I am new to this amazing site. I would like to ask a question and get some feedback. I am sorry if these questions have been asked already.
I am 29 years old. I just received my BS in management of information systems. I have a 2.5 gpa and I want to go to medical school to become a radiologist. I know I need to work on my gpa. I really do not want to re-take any of my previous classes because most of them were very difficult computer programing classes. Should I go back to school and get another associates degree in a science to raise my gpa? I am currently volunteering at two hospitals to bulid 100 hours of volunteer work. One of the hospitals has one of the top medical schools in the US.
What should I do?
I am single with no children…if that helps your answer for me.
Thank you so much
Have you taken any of our prereq’s yet? If not, and you do well in them in addition to some easier courses, will boost up your gpa. Develop a gpa range for yourself. Determine would be the idea gpa you will strive for and what would be on the lower end. Check out medical schools that average gpa falls into those ranges and consider applying to them. You don’t have to get another degree just to take your pre-req’s. Just take the necessary coursework needed to apply.
Hi, First of all, I want to congratulate you for making the decision to go to med school. I, myself is also in your shoes except I’m much older than you. I also have a Bachelors degree in Business Management and none of the classes I took while doing my undergrad were classes required for med school. I only took one science class which is not even required to get into med school.
So, I basically have to start all over either by getting into a post baccalaureate program or do a second degree in biology, which both would probably take the same amount to do.
My suggestion to you is talk to a premed advisor at a school you would like to do your pre-reqs at. Whatever path you chose to take, just do really well in those classes to get a good GPA. The gpa in your pre-reqs are ones that will really count when applying for med school.
I’m still trying to figure what to do as well. Hope all is well and keep us updated.
Just as a general FYI - you do have more choices than getting accepted to a post-bacc program or doing a second degree. You can just take the pre-reqs and maybe a few more classes on your own - either as a non-degree student or you can take them as a degree-seeking student (even though you don’t really plan to finish the whole degree).
Thanks for the information. I heard that before but wasn’t sure how that would work. Maybe I need to talk to a premed advisor. Wouldn’t I have to pay for those classes on my own though? Especially coming in as a non-degree student?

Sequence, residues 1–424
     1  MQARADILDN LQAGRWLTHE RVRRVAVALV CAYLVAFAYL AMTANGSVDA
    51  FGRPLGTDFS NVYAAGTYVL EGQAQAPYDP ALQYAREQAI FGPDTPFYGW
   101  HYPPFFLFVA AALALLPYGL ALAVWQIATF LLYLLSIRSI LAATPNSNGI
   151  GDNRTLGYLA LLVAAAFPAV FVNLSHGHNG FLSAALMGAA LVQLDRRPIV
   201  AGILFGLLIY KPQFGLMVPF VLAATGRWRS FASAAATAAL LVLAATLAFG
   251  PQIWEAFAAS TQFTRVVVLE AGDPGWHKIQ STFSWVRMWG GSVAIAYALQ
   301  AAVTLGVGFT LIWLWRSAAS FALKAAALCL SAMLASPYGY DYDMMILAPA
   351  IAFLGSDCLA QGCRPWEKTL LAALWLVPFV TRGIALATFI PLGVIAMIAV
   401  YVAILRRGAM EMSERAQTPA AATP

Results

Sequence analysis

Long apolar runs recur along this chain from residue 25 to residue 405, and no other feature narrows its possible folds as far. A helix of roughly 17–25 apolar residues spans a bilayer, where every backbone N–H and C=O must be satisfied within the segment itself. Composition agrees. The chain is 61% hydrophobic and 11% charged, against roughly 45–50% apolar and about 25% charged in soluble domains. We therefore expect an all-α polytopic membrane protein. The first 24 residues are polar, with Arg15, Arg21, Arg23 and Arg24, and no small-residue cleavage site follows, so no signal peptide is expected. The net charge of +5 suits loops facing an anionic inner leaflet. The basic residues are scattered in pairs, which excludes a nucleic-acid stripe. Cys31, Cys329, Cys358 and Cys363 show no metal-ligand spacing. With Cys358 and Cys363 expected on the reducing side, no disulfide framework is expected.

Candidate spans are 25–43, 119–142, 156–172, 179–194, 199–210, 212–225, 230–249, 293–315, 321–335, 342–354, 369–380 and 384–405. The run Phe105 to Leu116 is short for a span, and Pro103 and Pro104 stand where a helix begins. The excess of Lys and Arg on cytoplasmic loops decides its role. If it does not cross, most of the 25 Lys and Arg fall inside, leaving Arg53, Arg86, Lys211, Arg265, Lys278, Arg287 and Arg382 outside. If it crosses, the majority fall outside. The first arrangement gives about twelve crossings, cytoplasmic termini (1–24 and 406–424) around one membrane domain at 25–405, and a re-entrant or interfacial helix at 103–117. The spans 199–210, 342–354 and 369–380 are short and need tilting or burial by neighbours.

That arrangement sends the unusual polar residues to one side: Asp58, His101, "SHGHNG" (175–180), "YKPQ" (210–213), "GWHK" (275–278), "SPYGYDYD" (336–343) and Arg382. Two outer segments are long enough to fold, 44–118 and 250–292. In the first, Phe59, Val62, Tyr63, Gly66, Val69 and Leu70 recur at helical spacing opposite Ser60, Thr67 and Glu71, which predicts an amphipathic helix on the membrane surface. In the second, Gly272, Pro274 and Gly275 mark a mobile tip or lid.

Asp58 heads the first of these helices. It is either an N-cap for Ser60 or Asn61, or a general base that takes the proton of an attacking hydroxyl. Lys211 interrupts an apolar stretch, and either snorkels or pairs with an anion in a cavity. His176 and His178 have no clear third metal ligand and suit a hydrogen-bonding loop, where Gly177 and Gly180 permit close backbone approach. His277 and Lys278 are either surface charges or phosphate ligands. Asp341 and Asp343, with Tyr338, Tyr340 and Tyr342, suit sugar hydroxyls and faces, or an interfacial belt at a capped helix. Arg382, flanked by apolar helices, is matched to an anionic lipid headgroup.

Its just that if I do a 2nd degree, I can get student loans and not have to worry about paying out of my own pocket. I guess if money wasn’t such an issue at this time, I would go in as a non-degree student.
You can get loans as a non-degree student if you are taking courses that are pre-requisites for admission into a professional program. A lot of financial aid people are not aware of this stipulation, but it’s there. I actually posted a link to the document from the federal government’s webpage on this in the past couple of months or so.
The caveat - you are only eligible for 12 consecutive months of loans and it’s very difficult to complete all of the pre-reqs in 12 months. Still, it’s an option.
Lots of people enroll as second-degree seeking students for a variety of reasons. One big one that comes up is being able to schedule the courses you need. At some schools, non-degree students are given lowest scheduling priority and it can be nearly impossible to get into the pre-reqs that every freshman pre-med, pre-vet, pre-whatever wants to take. However, just like many people don’t ever finish their first degree, don’t feel like you have to actually finish the second degree if you enroll as a degree-seeking student. If you want the second degree, go for it, but don’t feel like you have to finish an entire second degree.
Thanks that makes great sense. I really appreciate the information. Can you give me that link to the government site you said you posted awhile back?
The link to the post can be found here: http://www.oldpremeds.org/fusionbb/showtopic.php?tid/42276/post/60941/ hl//fromsearch/1/#60941
Hm. So it appears that the link in the original post no longer works. I just checked this link and it appears to work. As in the previous post, the relevant info is on page 77.
Hey, Happy. To tag onto Emergency’s comments, I was able to complete all my prereqs in a year but it required taking the gen chem sequence in the summer, along with calculus. The following academic year I took my bio, o-chem, and physics sequences. Then took the MCAT in June. It was demanding but enjoyable and I actually found it to be less work than the full time work I had left to pursue it.
This would give you the generals, but it wouldn’t allow for advanced courses (I took biochem, molecular biology, genetics and picked up a physics minor the year following my generals in my “glide year”).
I also did most of the pre-reqs in a year by taking organic chemistry and labs during a summer session. I typically don’t recommend that route because it was absolutely brutal. I was able to retain enough to do okay on the MCAT shortly afterwards, but it was gone from my brain very quickly. I don’t think gen chem would be QUITE as bad during a summer session, but you need to be very, very on top of things. I took my last quarter of physics the fall of my application year and also took microbiology and biochemistry.